The coverage of women at horse races and the coverage of horses at horse races often gets muddled, I think. Every year, from Aintree to Ascot, every newspaper seems to convince itself that the women who attend horse races are there to invite criticism and commentary: what is she wearing? How is she behaving? Is she drunk? Is she following the dress code? Run your hand up her leg to see how good knick she’s in; check her teeth and see if she’s lying about her age.
Every year, the women are permitted a few concessions, a little sugar cube served to them with a flat palm. This year, The Telegraph has reported that women will now be permitted to wear jumpsuits at Ascot’s Royal Enclosure, as long as they are full length. Skirts, we will remind you, should be just above the knee or longer. Jackets and pashminas are fine. Straps should be one inch wide or more: it’s not permissible to have your harness visible. Sorry, did we say harness? We mean bra.
The epidemic of shaming race dress choices is nothing new, and something my friend Christina McDermott wrote about last year for Aintree’s Ladies Day. What surprises me though, is HOW not-new it is: in fact, it’s been going on since 1908.
No, this isn’t a press shot for a new Carey Mulligan movie: this picture was taken of real women in 1908. I know. There’s something about this picture – taken at Longchamps in France – that I can’t quite get over. It’s one of the few times I’ve been able to look at a photograph of a Victorian woman and really understand the fullness of her character, the vividness of her existence. And – at the risk of sounding a bit pervy – oh my GOD, can you believe how hot these women look?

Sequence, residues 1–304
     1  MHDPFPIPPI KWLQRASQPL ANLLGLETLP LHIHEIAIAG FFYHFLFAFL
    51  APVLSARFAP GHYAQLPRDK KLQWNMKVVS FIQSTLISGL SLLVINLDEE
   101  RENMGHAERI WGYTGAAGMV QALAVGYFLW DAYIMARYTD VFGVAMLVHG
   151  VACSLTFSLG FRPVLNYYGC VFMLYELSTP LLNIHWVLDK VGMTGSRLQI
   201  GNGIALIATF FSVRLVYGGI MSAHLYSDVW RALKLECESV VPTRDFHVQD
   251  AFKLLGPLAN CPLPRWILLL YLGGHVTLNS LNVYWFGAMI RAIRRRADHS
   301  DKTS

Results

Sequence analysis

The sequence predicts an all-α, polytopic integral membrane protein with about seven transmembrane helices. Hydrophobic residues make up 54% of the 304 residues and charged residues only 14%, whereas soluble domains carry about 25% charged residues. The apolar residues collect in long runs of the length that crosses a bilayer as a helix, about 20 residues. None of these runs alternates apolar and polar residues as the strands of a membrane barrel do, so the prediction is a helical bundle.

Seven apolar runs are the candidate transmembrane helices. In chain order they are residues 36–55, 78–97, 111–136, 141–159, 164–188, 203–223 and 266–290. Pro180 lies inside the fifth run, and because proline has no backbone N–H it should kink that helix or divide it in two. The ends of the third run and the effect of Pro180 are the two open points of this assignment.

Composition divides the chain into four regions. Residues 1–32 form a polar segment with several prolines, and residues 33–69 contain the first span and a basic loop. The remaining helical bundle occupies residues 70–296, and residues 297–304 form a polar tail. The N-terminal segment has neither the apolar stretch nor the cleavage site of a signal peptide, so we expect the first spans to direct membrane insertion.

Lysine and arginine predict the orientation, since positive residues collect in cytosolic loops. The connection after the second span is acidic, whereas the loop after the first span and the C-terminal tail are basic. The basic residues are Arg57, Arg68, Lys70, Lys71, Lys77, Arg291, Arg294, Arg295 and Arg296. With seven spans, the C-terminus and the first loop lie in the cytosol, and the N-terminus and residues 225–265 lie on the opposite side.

“The gawking crowd at Longchamp could see that the women were not wearing what they considered to be underwear, which in those days of course consisted of bulky under-garments including a full corset, petticoat and chemise,” writes Grall. “The French weekly newspaper, L’Illustration, reported conservative Parisian women marching their husbands and sons out of the racing enclosure.”
The designer of these dresses – Margaine-Lacroix, who has since been “written out of fashion history”, according to Grall – sparked an international trend for figure-hugging dresses that would later become the 20th century silhouette. And all from a day at the races.
There’s something dually comforting and depressing about this little bit of fashion history. It’s exhausting to think that women are on a constant conveyer belt of judgement and shame for what they’re wearing and what they’re not wearing. It’s depressing to wonder whether they will always be judged on whether they are tame or feral; whether they are groomed appropriately or outlandishly; whether they are winners or losers.
On the other hand, the story of Margaine-Lacroix and the success of her early body-con dresses reminds us that all it takes is one strong backward kick to flip history on its head.